The Recruiting Season Begins

I feel like I just quit my job but the search for a new one is already under way.  Everyone told me that the recruiting season would come up fast, but I guess I didn’t really believe them.  In this post, I want to give you a more detailed look at first year recruiting, so that you can be more prepared than I was.  Note: there are two types of recruiting – mature and enterprise. Mature is the established employer relationships with steady, annual demand (e.g. consulting, banking, CPG, etc.).  The details below are mostly relevant for mature recruitment.  Enterprise recruiting is for companies with more just-in-time hiring and inconsistent demand year over year (e.g. PE, VC, Retail, Social Impact, etc.)

September:  Start updating your resume into a specific Wharton format. Have MBA Career Services review your resume and give you feedback.  Attend company Lunch ‘N Learns, informal presentations during lunch by  companies who will be recruiting on campus.

October/November: Finalize resume and submit to the Wharton resume book. Meet with career advisors to talk about your recruiting plan.  Attend Employer Information Sessions (EIS), which are more formal presentations by companies where you can find out more about the positions they are recruiting for and what they are looking for in candidates.  There is usually a networking reception afterwards for one-on-one discussions with the company employees.  Sign up for coffee chats, which are another opportunity to get one-on-one time with company employees.  These are usually about 30 minutes in length and students are expected to drive the conversation and ask questions.  Attend conferences, such as the Marketing Conference or the Social Impact Conference or the Women in Business Conference.  Attend Day on the Job (DOJ) sessions for the companies you are interested in.  Not all companies offer this, but many do.  Spend a Friday in November at the company facility, meeting people, learning about the company and day-to-day activities, etc.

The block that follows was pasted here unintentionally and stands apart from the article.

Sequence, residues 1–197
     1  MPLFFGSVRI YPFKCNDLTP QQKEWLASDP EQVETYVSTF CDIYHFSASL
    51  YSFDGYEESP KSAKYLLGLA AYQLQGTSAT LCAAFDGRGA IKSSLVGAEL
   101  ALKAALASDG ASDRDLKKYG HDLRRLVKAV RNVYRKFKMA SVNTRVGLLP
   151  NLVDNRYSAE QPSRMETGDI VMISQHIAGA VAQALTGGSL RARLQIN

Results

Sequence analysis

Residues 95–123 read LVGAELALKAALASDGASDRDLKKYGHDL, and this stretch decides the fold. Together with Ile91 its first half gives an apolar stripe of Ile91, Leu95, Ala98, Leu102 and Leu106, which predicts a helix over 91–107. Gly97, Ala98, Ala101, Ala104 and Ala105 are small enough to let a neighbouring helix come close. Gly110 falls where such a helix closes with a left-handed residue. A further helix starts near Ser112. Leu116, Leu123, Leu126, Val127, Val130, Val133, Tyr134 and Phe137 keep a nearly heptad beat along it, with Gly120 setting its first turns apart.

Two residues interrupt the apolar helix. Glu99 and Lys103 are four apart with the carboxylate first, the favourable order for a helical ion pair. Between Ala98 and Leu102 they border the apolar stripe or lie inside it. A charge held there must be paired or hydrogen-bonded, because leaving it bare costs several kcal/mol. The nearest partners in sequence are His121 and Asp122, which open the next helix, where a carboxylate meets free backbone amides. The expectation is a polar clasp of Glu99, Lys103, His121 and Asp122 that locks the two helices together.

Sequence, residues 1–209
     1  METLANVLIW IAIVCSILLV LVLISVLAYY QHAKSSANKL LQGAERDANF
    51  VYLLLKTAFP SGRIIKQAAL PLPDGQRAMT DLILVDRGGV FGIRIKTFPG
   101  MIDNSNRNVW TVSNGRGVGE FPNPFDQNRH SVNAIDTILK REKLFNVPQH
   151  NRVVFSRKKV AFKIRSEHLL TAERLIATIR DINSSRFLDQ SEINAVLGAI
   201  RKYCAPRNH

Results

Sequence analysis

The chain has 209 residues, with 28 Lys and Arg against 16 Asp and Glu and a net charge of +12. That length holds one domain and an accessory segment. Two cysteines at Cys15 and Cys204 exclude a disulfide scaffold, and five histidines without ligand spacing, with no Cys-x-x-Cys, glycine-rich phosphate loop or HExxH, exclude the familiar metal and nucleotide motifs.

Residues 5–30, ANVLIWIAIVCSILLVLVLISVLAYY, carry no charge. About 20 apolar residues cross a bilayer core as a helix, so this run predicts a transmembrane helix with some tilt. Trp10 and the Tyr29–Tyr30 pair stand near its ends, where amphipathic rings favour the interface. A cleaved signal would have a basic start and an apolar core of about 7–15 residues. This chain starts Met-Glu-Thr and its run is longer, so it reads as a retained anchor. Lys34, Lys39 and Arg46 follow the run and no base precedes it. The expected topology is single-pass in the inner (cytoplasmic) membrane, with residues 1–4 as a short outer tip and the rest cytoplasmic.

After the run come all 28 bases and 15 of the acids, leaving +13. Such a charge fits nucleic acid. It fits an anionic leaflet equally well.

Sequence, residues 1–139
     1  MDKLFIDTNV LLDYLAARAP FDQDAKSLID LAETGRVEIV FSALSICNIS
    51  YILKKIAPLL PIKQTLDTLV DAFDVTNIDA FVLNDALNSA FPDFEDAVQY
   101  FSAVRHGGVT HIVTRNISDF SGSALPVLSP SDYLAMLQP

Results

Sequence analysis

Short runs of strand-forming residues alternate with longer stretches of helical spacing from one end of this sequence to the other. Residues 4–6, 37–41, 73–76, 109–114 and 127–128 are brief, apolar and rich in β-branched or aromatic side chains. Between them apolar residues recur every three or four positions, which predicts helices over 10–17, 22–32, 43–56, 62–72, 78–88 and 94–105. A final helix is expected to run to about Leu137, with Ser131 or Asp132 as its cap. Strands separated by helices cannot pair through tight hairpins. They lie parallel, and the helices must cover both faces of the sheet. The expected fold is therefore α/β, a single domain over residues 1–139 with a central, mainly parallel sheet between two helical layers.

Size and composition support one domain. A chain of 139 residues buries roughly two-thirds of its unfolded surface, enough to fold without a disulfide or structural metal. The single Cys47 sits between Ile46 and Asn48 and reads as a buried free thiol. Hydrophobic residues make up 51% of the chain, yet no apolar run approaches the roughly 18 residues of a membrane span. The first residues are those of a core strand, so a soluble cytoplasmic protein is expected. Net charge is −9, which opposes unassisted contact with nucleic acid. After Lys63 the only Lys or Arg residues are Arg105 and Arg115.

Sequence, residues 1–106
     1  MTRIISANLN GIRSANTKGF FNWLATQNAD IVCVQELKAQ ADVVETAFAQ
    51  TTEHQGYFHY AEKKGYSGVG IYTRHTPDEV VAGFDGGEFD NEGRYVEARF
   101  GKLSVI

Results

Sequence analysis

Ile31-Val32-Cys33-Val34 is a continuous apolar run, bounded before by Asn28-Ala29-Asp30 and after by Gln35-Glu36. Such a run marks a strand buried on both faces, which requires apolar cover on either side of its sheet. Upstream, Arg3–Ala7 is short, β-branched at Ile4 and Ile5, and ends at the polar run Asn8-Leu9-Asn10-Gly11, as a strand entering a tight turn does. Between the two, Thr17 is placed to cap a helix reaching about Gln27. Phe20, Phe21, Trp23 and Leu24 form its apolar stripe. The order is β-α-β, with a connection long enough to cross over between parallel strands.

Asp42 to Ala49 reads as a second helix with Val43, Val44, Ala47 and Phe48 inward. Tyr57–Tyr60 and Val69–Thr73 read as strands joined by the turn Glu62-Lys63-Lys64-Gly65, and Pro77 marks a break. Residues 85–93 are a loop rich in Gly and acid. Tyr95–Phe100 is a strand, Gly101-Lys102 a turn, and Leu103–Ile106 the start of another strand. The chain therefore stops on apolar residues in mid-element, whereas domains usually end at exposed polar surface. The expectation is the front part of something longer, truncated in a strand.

December: There are not many formal events in December given finals and winter break.  However, resume submission deadlines for internships are typically in early January, so students are advised to start preparing for these deadlines in December (for example: start writing cover letters, submit applications early, research companies, etc.)

January: Attend interview prep workshops with relevant Wharton clubs.  The Focused Recruitment Period (FRP) typically runs the last week of January.  Many first and second round interviews will take place during this week.  There is a specific offer extension day at the end of FRP when most internship offers are extended to students.

February: Students have about 3 weeks to make a decision about their offers.  MBA Career Management sets these specific timelines so that students have enough time to consider various offers and make their decisions.  Therefore, many students have accepted their internship offers by the end of February.

Again, this is only the case for mature recruiting.  Enterprise recruiting can extend into March/April/May and can look very different to the timeline laid out above.

I was born and raised in Philly and I just can’t get enough of this city! I did my undergrad at Penn State (WE ARE!) and then spent ~4 years in pharmaceutical and healthcare consulting. I am so excited to be here at Wharton and to see where this MBA will take me in the future!